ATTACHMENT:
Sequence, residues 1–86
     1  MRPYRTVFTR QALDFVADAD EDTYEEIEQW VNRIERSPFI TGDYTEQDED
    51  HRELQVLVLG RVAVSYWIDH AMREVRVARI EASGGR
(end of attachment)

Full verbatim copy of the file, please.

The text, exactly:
Sequence, residues 1–86
     1  MRPYRTVFTR QALDFVADAD EDTYEEIEQW VNRIERSPFI TGDYTEQDED
    51  HRELQVLVLG RVAVSYWIDH AMREVRVARI EASGGR